CVForward  >  Walking the C-suite Tightrope



Mark Baker

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Being a cardiovascular service line (CVSL) leader often demands a delicate balancing act. On one side you have your staff, on the other your administration. Both sides are essential to running a successful CVSL—and both sides are putting tremendous pressure on you.

Here are some proven strategies to help you maintain balance as you walk that tightrope.

“You’re the arbitrator between administration and the employees in your department. You are the essential link in the chain.”

Communicate your rationale

As a CVSL leader, you would never tell your team to follow your direction “because I said so.” According to Mark Baker, “That doesn’t work with children and it certainly isn’t appropriate with adults on your staff.”

When you make a decision or roll out a new policy, you want to make sure you explain the rationale behind your actions. Even if your staff or administration doesn’t agree with you, they still appreciate hearing the reasons behind your decisions.

“People can handle change much better, as long as they understand why.”
When people understand the “why,” it allows them to apply their own critical thinking skills to the situation. It also allows the opportunity to gain buy-in and alignment. You’ll be amazed at the unique ideas and solutions you hear from people when you take the time to explain your reasoning to them.

Challenge your staff to be problem solvers

Your staff is coming to you with concerns about their rotations, salary, workflow, personnel, and more. So who can you turn to for solutions to these problems? Turns out the best problems solvers are often right there in front of you. Challenge them to come up with some proposed solutions. You will empower them, and you will find they bring ideas that you would never have developed on your own.

The last thing you want to create is a “culture of complaining.” Make it clear that if a staff member comes to you with a problem, they should also have a few ideas of how to fix that problem. That’s the way you want your team thinking and that’s the kind of solution-oriented culture you want to create.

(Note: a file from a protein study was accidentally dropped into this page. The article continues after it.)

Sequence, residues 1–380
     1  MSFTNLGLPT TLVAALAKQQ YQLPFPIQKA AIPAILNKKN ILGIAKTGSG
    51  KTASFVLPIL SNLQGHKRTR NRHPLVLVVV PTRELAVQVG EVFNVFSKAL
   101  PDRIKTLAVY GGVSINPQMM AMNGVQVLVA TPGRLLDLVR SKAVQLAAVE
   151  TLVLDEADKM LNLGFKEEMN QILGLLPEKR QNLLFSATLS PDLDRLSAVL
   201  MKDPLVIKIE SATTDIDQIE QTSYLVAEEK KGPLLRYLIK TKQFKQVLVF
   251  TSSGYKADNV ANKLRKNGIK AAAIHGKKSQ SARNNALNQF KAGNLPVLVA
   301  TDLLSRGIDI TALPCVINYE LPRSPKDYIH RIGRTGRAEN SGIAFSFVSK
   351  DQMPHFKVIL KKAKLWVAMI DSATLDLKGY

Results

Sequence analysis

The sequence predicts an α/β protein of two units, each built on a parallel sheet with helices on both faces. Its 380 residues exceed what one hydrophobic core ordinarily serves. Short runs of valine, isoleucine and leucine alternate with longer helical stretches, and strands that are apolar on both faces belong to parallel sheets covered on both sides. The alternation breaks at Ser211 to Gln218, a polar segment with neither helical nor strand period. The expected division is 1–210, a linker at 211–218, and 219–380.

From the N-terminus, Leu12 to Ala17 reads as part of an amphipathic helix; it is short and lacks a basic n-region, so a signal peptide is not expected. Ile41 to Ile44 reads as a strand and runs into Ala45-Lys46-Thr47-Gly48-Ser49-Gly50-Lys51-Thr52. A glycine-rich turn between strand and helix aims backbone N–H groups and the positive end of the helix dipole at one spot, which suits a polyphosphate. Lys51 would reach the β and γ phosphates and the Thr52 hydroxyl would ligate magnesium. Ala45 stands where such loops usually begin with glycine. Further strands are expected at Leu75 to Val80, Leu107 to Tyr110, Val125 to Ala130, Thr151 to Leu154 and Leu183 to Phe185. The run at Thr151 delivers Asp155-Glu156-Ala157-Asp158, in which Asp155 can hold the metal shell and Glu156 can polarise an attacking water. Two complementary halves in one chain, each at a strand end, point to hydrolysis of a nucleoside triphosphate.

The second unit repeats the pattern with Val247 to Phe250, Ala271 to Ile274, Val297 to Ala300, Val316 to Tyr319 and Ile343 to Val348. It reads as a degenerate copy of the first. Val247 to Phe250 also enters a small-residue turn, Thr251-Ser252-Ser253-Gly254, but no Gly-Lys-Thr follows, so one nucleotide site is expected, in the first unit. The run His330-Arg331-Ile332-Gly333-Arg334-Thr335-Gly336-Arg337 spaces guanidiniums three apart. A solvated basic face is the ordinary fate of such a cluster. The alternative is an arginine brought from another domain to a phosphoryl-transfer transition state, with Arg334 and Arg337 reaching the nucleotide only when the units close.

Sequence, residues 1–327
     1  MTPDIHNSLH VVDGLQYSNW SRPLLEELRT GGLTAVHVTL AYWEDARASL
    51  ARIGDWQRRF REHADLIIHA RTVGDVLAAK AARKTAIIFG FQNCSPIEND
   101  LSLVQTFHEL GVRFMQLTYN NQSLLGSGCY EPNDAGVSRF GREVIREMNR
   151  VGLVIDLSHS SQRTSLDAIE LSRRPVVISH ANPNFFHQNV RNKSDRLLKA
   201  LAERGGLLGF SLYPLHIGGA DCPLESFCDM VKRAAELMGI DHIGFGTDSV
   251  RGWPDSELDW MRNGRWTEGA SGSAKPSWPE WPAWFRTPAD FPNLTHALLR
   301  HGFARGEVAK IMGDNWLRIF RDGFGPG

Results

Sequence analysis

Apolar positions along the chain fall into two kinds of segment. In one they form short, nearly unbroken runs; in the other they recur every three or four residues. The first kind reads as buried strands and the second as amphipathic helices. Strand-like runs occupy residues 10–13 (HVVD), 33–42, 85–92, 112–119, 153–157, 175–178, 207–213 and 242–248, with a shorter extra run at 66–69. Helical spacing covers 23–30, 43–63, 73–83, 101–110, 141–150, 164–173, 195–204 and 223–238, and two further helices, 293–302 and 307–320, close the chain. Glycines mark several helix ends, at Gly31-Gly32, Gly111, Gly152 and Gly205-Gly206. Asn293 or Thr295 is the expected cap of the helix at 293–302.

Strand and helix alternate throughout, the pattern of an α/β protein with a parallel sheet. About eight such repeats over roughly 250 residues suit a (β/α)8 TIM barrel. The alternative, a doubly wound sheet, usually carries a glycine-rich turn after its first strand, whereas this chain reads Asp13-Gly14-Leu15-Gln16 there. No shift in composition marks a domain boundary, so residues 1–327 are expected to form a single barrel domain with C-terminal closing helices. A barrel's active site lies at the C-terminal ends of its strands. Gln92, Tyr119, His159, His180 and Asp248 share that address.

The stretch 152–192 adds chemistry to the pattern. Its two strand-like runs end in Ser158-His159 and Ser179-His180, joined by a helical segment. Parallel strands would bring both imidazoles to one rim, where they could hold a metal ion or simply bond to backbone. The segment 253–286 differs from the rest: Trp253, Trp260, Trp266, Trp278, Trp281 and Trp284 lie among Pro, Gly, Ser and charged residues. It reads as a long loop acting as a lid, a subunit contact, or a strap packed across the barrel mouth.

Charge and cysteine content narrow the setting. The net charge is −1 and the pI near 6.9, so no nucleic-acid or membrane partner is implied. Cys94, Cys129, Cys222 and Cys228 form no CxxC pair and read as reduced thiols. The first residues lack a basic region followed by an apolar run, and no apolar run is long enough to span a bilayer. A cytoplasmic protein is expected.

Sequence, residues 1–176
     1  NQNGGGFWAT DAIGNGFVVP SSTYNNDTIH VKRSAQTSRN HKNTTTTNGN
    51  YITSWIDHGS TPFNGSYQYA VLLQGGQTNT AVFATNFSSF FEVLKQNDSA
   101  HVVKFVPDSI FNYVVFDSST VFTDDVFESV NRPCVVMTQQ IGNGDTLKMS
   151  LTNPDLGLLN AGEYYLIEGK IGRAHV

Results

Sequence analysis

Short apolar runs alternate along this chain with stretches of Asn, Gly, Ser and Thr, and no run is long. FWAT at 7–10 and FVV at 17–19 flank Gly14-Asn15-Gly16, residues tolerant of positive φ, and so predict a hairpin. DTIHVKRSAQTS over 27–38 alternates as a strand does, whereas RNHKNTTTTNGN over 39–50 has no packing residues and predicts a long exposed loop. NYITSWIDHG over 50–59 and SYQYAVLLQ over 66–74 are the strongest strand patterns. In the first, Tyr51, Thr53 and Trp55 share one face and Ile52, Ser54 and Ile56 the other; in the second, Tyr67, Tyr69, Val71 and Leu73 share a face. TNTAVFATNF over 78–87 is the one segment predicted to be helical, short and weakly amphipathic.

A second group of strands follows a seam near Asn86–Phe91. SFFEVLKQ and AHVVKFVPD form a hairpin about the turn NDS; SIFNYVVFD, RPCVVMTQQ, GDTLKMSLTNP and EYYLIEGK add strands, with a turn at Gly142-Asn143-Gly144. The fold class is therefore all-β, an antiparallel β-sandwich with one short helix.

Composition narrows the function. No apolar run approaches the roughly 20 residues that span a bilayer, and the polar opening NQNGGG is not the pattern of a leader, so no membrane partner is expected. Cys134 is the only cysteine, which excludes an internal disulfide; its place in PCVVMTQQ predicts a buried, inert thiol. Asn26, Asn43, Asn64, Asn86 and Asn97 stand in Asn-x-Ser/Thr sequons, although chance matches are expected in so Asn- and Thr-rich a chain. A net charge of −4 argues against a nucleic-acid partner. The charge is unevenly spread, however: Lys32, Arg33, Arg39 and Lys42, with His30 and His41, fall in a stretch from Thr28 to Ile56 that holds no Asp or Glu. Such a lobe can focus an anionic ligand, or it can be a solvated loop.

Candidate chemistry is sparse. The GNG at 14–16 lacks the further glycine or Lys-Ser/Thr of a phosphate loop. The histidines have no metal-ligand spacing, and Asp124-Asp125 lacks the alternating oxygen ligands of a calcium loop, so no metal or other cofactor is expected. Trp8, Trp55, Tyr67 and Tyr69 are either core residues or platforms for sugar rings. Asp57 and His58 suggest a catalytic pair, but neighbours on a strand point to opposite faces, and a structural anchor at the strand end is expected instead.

Bring your staff to the administration meeting
A powerful strategy for combating an “us vs them” mentality is to bring a member of your team with you to your next administration meeting. Bring a future leader. Bring your chronic complainer. More times than not, they will come out of that meeting with a new respect for your job and for the administration.
“Meeting is an evil word at our facility. In a meeting means not doing anything productive.”

They will see first-hand the demands and pressures that are put on you. They will see how you advocate for your staff and their needs. They will see how much consideration and thought goes into decisions that affect your department.

Additionally, they will often begin to see the administration differently. They become more human and more approachable. They see how much administrators really do care about the staff and the patients you serve.

It opens eyes and can lead to a new level of empathy and respect. Not to mention, that staff member will quickly share their experience with the rest of your staff.

Make sure you have a mentor guiding you
"If you don't have one-get one."

This is a must. Find someone with a positive attitude and who is continually educating themselves. Find someone you think is a superstar. Then follow them as they do their job. Ask questions, run ideas by them, get feedback.

A mentor can be that much-needed force of stability as you make your way along the leadership tightrope.

Embrace your emotions

The transition “from scrubs to suits” can be highly emotional. Respect the emotions that come with your role. Embrace this as a necessary part of your career growth.

If you are starting a new and different role, acknowledge it. Accept that it often means leaving your old role behind. If your role is not new to you, you still have to respect the emotions that come from being on that tightrope between staff and administration. It can be intense—and embracing that intensity it a strategy for success.

“It’s still you, but it’s not you anymore. It’s such a large part of who you are and you’ve worked so hard to get there. When you start to transition, there’s almost a grieving process that takes place.”

Make no mistake, it is stressful to be on that tightrope between staff and administration. Tremendous pressure is coming at you from both sides. But never forget that you are a key link in a chain that delivers life-saving care to hundreds, even thousands, of people every year.

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